The coronoavirus has become a global news story, and each country is giving advice to its citizens as to how to best deal with the coronavirus.
The most agreed upon preventive measure seems to be frequent hand washing.
Another preventive measure, but not as universally accepted, is the use of facial masks.
In Singapore, the government has issued a statement that a mask only needs to be worn if you are ill so that you do not spread whatever is affecting you. Otherwise, there is little, if any, benefit to be gained from wearing a mask.
However, such advice has not stopped the frenzy surrounding the purchase of face masks.
We have not been able to find any facial masks at any of the places we have tried. When one of the local stores announced that they would be receiving a shipment later that day, a long, long line (or queue, as they call it here) began forming well before the masks were scheduled to arrive. The picture above shows one such line.
As you might imagine, the masks sold out quickly, and there were not enough for everyone in line.
We did not join the line, since we did not feel a mask was of immediate concern since we were not feeling ill. However, even though we felt fine, I must admit that having a mask for each of us would give us one less thing to worry about. In addition, since we have some upcoming travel plans, we would all feel better if we had a mask, especially while in confined places like an airplane or other highly trafficked areas.
As usually happens in such “panics” some people have tried to take advantage of the situation and started charging exorbitant prices for the masks. In addition, I would think a natural response in such a situation is that once you had some masks, you would guard them with your life, and would only share them if necessary, with family and close friends.
Fortunately, that has not been the attitude of a few people we have gotten to know in Singapore.
This past Friday we took a trip with the students to Malaysia. In an abundance of caution, the program leader had bought several face masks prior to the shortage, and she has been willing to share those maks with the students and with me and my family. Despite the advice about masks, I did feel protected wearing the mask around Malaysia.
But that was not the end of the kindness showed to us by Singaporeans regarding masks.
Earlier today I had sent a text message to one of the property managers where we are living about a minor issue with our apartment. I also asked him where we could pick up masks, since I had read about how the government had started a distribution system for many households in Singapore. When he stopped by to take care of our first issue, he also asked us if we were having trouble getting masks. When we answered affirmatively, he took four face masks out of his backpack and gave them to us. These were from his personal collection.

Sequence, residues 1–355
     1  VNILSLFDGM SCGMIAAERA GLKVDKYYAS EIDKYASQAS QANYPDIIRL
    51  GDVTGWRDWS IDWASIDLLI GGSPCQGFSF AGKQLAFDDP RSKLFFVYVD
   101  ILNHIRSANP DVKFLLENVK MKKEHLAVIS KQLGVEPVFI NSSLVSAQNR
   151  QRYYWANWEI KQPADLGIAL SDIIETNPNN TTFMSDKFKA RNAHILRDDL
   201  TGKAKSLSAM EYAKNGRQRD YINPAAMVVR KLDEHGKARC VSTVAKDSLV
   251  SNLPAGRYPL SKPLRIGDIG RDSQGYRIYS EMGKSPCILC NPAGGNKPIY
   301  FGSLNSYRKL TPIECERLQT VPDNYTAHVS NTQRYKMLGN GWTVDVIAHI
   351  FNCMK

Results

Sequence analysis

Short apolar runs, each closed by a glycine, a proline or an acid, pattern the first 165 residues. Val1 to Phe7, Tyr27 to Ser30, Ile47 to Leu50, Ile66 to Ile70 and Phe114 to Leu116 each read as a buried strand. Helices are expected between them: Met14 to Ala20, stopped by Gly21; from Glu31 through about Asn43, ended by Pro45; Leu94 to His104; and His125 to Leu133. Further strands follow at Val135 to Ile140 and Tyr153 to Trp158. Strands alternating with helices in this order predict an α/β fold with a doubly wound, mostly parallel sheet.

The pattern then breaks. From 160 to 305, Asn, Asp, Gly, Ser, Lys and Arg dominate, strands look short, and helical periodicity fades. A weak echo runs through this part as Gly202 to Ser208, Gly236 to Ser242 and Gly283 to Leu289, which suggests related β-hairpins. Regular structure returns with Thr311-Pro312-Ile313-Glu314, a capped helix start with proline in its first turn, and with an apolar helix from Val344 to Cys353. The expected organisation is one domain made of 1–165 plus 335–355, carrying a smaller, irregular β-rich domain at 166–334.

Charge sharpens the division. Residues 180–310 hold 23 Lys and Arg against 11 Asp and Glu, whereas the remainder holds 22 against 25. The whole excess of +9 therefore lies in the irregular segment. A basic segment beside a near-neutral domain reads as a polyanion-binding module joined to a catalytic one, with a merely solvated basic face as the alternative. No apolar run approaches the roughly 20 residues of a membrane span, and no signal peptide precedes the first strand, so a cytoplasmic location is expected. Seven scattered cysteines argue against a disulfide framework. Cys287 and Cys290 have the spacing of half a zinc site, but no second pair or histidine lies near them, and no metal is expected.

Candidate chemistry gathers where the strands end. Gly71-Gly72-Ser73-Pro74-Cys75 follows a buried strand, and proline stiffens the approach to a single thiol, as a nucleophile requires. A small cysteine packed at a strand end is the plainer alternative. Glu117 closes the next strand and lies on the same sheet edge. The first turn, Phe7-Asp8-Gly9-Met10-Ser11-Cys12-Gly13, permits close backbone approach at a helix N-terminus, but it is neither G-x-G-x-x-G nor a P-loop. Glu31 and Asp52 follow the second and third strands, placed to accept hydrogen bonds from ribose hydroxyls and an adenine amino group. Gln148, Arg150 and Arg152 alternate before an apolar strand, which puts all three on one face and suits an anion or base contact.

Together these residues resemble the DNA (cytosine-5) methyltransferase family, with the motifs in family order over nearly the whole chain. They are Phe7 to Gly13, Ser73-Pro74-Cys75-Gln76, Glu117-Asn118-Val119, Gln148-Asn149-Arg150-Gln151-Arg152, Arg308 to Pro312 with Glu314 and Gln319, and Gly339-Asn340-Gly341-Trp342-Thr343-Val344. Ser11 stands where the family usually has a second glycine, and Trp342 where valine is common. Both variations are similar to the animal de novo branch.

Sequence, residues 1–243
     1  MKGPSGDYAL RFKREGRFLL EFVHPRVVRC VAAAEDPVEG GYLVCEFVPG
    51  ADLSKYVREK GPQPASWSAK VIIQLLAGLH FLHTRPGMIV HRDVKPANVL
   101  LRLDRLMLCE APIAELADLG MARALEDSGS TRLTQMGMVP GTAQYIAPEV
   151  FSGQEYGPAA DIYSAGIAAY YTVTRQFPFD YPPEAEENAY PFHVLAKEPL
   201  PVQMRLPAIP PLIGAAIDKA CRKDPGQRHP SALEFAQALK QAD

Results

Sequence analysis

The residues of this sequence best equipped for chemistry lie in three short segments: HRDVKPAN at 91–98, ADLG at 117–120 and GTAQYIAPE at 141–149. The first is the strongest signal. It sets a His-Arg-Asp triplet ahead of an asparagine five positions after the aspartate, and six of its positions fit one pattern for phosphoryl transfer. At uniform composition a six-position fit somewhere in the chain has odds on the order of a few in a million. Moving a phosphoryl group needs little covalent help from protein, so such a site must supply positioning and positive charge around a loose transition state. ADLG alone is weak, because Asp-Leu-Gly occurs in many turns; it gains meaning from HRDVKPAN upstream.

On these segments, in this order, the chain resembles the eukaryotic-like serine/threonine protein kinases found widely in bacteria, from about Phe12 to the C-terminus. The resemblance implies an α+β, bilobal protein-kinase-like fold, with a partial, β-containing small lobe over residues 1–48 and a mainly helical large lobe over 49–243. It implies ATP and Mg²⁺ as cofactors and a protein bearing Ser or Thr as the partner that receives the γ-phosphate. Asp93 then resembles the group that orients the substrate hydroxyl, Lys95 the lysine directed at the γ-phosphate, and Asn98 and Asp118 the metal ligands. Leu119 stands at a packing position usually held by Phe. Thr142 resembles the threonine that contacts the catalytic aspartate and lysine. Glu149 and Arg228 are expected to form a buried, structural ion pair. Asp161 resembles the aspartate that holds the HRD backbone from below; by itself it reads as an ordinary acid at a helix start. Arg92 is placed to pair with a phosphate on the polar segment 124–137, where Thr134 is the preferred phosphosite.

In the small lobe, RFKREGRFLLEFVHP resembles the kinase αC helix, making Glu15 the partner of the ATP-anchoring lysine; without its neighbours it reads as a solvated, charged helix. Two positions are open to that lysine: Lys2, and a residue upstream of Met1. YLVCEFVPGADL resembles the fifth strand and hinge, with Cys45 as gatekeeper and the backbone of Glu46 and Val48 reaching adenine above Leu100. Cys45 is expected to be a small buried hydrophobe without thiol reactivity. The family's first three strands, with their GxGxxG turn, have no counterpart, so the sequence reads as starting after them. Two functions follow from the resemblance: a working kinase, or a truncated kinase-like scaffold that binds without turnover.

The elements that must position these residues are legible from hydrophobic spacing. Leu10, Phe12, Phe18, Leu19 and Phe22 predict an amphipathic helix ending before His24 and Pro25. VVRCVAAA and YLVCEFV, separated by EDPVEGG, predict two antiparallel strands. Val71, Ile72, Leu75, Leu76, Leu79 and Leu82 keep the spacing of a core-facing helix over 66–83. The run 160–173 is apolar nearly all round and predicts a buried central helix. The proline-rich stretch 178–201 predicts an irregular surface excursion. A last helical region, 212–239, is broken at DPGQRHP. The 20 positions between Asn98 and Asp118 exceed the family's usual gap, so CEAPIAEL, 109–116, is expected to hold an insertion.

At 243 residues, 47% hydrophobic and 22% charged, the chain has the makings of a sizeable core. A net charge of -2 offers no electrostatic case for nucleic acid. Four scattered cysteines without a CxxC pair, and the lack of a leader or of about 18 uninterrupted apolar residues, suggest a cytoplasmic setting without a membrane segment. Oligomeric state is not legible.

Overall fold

The final incident occurred a couple of hours later when I entered my classroom building. I have gotten to know the woman who works at the front desk a little bit, and she always has a warm welcome when we see each other. When I stopped by her desk today to say hello, I mentioned that we were traveling to Bangkok this weekend. She assured us that we would be fine, but offered the basic advice noted above, regarding hand-washing and masks. When I said we were having trouble getting masks, she walked over to her purse and took a couple out to give to me. I tried to protest, but she insisted, saying they were extra ones that she had.
I came away from all of these encounters impressed with how unselfish people were with something that was in critical demand, and potentially life-saving.
These three people are what one might call familiar strangers, people whom you know from seeing them on a frequent basis, but you have little interaction with them.
So for them to offer my family and I some of their masks was incredibly moving.
Like many other things I’ve noticed here, such behavior may simply be part of the culture, or it could be that I just happen to know three wonderful people.
Either way, we are grateful for their generosity, and they have taught me a lesson in kindness that I hope becomes a natural part of my behavior moving forward.
By the way, the line shown above is not nearly as bad as the one that formed in Hong King to buy some masks.